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Friday, April 23rd, 2010

Seeing Red

This “capsule review,” first posted during the run of the 2010 Whitney Biennial, is offered now as A TOPICAL PICK FROM THE ARCHIVES in conjunction with a show of works on paper by the artist at David Zwirner Gallery, February 13 to March 23, 2013

Suzan Frecon, embodiment of red (soforouge), 2009. Oil on linen, two panels, each 54 x 87-1/2 inches. Courtesy of David Zwirner Gallery

Suzan Frecon, embodiment of red (soforouge), 2009. Oil on linen, two panels, each 54 x 87-1/2 inches. Courtesy of David Zwirner Gallery

Abstract painter Suzan Frecon seems out of register with the tenor of the Whitney Museum of American Art’s 75th Biennial: a pair of her exquisitely crafted, subtly allusive canvases in homeground pigment quiver with quiet sensuality. The sumptuous reds in the diptych (above) “embodiment of red (soforouge),” 2009, offer a hot sweet to the pinched sour that otherwise pervades this painting-light, video-heavy sadsack survey of the contemporary spirit. And yet, the understatement and austerity in Frecon rhyme with other exhibits: the pulsating, saturated red, for instance, with fellow veteran Robert Grosvenor’s fiberglass and flocking arched structure, or the playful shifts of perspective with postmodern prankster Tanya Auerbach’s trompe l’oeil effects hanging in the same gallery. Frecon’s curves within rectangles evoke references as remote as the rising sun, Moorish domes, Gothic arches, scimitars. An artist of hovering forms and studied poise, perhaps her essays in suspension are offered by curators Francesco Bonami and Gary Carrion-Murayari as a formal counterweight to the melancholy solipsism of many of their video choices.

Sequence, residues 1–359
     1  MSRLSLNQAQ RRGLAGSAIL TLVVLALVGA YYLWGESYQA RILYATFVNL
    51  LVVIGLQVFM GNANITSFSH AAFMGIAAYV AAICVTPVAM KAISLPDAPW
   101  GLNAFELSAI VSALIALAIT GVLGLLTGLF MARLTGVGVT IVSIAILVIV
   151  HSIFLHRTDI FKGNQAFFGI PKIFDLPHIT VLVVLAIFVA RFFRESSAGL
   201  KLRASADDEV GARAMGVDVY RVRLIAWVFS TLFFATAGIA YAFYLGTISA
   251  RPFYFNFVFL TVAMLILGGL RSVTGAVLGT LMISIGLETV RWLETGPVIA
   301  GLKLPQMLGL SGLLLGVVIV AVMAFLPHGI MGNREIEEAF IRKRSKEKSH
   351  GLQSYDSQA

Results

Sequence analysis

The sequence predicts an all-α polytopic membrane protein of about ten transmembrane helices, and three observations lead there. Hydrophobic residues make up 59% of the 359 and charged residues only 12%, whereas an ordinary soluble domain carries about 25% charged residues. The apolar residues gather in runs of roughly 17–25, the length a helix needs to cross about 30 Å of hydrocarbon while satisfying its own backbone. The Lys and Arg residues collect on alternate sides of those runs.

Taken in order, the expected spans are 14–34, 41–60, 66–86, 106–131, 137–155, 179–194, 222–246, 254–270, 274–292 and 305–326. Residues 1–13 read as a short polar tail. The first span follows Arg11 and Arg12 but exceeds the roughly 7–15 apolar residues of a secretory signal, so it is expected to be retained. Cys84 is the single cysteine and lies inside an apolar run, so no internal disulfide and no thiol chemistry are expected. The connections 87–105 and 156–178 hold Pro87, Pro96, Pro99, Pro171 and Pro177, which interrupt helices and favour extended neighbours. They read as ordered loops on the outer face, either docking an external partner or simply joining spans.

• Flemming Stenslund Jensen


    I see an image cut in two: The upper part is slightly colder, than the the lower part – or is it the other way around – or does the parts balance out, like flour counterweights on a Grocers weight. (excuse my english).
    I see two parts, with two baloonlike shapes, and two rectangular shapes below. What does that have to do with my life, my being? Is the painter mocking me? making fun of me? Or does he or she, plainly, do not consider me during the proces of creation? From the work i do myself, I must admit, that the artconsumer, quickly fade out of consideration. And “something else” take over. I don’t know precisely what it is. Sometimes it dissapears. And then an abyss opens up. I start to to sink. Whereto?
    I don’t really know. (again, I excuse my written english … don’t expecte an oxfordian clean english frm my “pen”). I often have the feeling, that what I paint “talks” back at me. But here we have two things, that seemingly has nothing to do with reality – and me. They are are just forms of color. But like watching a rainbow – the longer you stretch the watching, the more the “image” makes itself clear to me. Apart from the immidiate beauty, such paintings teaches me that we have to to look closer, more concentrate, before we “say” our judgement.